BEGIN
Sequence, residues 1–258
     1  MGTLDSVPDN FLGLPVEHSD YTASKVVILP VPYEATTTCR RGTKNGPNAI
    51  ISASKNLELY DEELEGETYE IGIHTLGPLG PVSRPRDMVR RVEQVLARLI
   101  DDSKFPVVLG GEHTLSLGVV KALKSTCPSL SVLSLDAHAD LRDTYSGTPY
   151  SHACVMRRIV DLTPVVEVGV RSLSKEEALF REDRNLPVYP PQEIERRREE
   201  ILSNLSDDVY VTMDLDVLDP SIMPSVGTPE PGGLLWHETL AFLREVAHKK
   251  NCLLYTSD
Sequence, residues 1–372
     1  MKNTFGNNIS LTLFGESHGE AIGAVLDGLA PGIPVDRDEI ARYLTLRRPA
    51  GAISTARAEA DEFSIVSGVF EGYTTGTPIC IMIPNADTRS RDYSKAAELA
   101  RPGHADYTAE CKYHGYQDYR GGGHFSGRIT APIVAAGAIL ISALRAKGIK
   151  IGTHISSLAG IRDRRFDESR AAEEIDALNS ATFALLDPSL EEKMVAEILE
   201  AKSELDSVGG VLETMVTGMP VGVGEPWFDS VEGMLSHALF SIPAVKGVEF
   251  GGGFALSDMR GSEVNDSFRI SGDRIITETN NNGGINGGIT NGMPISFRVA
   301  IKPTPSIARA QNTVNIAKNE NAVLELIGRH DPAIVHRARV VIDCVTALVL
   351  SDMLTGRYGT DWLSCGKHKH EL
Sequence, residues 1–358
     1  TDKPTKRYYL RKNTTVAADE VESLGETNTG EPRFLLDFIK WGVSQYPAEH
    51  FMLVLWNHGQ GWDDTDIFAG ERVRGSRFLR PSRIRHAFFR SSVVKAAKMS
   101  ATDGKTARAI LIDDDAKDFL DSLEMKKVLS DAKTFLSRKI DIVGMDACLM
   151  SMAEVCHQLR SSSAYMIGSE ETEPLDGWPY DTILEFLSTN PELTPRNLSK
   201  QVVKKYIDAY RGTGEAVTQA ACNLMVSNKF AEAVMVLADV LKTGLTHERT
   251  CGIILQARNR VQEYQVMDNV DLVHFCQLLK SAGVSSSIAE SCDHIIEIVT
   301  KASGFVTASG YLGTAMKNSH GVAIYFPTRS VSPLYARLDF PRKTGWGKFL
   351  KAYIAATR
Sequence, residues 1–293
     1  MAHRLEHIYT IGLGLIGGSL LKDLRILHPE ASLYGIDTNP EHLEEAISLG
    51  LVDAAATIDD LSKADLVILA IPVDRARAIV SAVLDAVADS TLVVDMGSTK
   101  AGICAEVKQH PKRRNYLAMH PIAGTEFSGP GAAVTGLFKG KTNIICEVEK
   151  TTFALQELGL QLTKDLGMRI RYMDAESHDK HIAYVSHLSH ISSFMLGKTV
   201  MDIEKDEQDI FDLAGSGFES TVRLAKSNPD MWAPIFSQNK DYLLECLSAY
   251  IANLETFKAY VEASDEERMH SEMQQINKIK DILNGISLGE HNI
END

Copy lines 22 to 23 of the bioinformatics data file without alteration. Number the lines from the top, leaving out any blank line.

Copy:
   201  QVVKKYIDAY RGTGEAVTQA ACNLMVSNKF AEAVMVLADV LKTGLTHERT
   251  CGIILQARNR VQEYQVMDNV DLVHFCQLLK SAGVSSSIAE SCDHIIEIVT